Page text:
I went into this book expecting giant space robots and, rather disappointingly, barely got any giant space robots. It’s probably slightly the fault of my own expectations that I didn’t enjoy this as much as I thought I would, but, nevertheless, this is not the book that I was hoping for.
The book opens with a scientist recollecting how, as a young girl, she stumbled across an ancient hand of glowing turquoise lines in the woods of South Dakota, and how the circuitous effects of fate have lead to her becoming the lead researcher on the project years in the future. The early parts of the book are engaging, raising questions as to what the hand is, where it came from, how old and, most interestingly, who made it? From the blurb we know it’s not human made, surpassing even our earliest attempts at civilization, and made from a substance only found in tiny quantities on Earth, hence beginning a long and tortuous process to try and find the other parts of what is thought to be an enormous humanoid machine.
Now, that sounds really cool, I’m getting images of Pacific Rim, Voltron, Evangelion..but the thing is that we just never really see any action. This entire book is politics and military wrangling, which, you know, is interesting in its own way but isn’t what I went into the story expecting. I couldn’t help but feel that this would make a much more interesting TV series or game than book. I’m not say there weren’t interesting points, I wouldn’t have given it three stars if there wasn’t something anchoring me to the plot, for example, further exposition on the origin of the giant robot is something I will definitely be picking up the next book for and the ‘cold war’ events of the novel were at times really interesting. There were just a lot of things I wasn’t particularly fond of.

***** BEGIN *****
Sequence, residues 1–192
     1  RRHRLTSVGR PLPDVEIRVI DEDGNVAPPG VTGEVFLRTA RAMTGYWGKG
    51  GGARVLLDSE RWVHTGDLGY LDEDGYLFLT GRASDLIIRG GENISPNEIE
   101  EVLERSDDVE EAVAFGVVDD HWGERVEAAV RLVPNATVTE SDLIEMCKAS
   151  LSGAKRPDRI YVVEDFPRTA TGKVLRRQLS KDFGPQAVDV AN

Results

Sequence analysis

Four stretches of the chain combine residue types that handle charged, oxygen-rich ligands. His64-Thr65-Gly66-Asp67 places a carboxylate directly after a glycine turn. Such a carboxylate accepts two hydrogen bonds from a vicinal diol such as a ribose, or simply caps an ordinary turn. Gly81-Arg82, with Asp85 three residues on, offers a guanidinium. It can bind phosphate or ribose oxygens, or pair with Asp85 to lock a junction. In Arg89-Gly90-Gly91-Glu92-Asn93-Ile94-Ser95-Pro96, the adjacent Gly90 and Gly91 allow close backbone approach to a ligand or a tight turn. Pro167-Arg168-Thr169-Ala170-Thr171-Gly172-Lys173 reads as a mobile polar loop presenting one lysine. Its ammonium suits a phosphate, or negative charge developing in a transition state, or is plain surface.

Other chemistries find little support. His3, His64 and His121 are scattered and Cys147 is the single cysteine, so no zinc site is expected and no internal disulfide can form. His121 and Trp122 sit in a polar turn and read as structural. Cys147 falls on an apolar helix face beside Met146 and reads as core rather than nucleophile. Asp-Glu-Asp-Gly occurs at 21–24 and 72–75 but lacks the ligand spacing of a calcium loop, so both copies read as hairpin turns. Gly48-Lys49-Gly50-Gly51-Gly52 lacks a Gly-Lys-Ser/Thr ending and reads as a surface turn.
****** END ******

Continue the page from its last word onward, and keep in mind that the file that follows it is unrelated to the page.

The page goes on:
Unfortunately, one of those was the format. I think that the ‘interviews and logs’ style of writing can work really well, World War Z immediately comes to mind as my favorite example of the form, I just don’t think that it worked for me in this novel. When writing a book that is almost exclusively dialogue, the most difficult thing is giving each character a voice of their own. The only character in this novel that was instinctually recognizable was the ‘Interviewer’, everyone else had a disappointingly similar tone. I found it difficult to care about characters when they were all written in pretty much the same way and found myself skipping large chunks of text when it started to sound more like a speech than actual dialogue.
So, all in all, not one of my favorites. I can’t quite shake the feeling of disappointment that I experienced on ending this story. Who knows, maybe book two will be a pleasant surprise.